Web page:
The spider fieldwork Catherine and I have been doing at Island View Beach progresses slowly. Natural history observations and experiments take up most of our nights, but I have still been getting the opportunity to do some photography and arthropod outings here and there. Here is a sampling of some recent shots that I think you might enjoy.
This is Island View Beach, near our fieldwork site. It is a gorgeous beach, and a rare habitat type: dune vegetation is in short supply around here.
One of the rare plants to be found on Island View Beach is the yellow sand verbena, a gorgeous dune plant with lovely-smelling flowers.
This moth, the sand verbena moth (Copablepharon fuscum) depends on the yellow sand verbena, and is endangered. Catherine is working on a blog post about the controversy surrounding this species.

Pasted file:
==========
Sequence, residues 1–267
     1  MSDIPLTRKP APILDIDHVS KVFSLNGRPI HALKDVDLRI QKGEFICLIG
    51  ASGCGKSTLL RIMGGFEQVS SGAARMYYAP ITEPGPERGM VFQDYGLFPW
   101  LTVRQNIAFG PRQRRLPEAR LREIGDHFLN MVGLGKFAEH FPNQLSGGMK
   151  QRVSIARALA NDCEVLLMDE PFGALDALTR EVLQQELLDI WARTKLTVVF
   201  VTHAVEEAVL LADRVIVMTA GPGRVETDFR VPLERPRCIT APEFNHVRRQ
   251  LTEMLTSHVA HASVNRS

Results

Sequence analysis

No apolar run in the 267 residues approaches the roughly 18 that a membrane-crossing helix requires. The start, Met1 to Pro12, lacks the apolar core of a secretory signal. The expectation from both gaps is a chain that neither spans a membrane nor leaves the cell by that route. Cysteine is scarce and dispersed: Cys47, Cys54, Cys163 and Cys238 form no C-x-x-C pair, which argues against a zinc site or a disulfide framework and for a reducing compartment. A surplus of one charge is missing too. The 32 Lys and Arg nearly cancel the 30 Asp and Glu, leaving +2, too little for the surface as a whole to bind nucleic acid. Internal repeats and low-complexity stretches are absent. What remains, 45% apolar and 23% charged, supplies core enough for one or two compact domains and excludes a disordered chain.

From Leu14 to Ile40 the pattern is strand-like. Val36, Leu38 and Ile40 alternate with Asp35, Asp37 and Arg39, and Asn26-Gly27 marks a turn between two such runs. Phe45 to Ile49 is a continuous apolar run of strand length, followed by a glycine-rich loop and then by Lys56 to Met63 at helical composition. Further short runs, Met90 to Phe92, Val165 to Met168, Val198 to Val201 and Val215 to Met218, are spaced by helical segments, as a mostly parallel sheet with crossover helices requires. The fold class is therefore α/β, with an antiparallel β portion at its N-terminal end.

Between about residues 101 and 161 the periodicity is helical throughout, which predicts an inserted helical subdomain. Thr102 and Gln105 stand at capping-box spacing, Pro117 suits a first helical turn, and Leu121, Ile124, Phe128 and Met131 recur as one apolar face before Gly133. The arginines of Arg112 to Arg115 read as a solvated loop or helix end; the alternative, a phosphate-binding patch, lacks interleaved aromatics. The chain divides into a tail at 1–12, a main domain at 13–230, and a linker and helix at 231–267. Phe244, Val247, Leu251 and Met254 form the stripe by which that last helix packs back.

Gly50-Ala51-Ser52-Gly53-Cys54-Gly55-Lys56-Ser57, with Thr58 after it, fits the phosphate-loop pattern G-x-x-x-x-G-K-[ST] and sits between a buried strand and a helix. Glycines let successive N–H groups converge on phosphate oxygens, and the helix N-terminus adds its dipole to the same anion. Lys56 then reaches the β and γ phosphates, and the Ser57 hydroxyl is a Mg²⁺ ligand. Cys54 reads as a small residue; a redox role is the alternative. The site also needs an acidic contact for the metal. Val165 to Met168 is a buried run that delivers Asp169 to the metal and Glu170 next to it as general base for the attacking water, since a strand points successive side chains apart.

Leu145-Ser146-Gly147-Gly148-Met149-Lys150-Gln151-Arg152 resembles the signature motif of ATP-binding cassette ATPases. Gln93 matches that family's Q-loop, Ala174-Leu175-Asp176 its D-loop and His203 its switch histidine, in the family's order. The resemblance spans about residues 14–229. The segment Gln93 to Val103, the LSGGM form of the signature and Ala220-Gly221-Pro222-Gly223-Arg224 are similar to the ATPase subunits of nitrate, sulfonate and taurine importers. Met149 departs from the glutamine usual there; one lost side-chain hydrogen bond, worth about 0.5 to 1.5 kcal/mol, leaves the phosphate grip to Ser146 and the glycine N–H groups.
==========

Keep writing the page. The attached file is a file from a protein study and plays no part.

On a recent outing to the beach in the daytime, I was very excited to find this robber fly, which I believe is Laphria franciscana. Wonderful blue eyes!
I have still had my eye out for spiders, and this Misumena vatia with a honeybee was a lovely find in Uplands Park.
I have been finding some bee flies lately resting on grasses. Here is one I shot with the A720IS.
This Lorquin’s Admiral we saw at Island View Beach, resting on a rose bush
Nighttime fieldwork on Cordova Spit allowed me to shoot this Ammophila against the darkening sky.
The next morning, I found this purplish copper resting on a dead flower.
I also found a beautiful potter wasp, an insect I do not often see resting on vegetation.
During nightwork on the beach, I found this mother woodlouse with a load of babies.
This sleeping aggregation of Coelioxys and Ammophila was particularly impressive. I wish I had been able to shoot hem at dawn!
Early this morning at Mt. Tolmie, I found this beautiful little cuckoo wasp sleeping on some grass.
A stinkbug against the dawn sky.
This lovely cuckoo bee is either an Epeolus or Triepeolus…I found three of them at Mt. Tolmie this morning.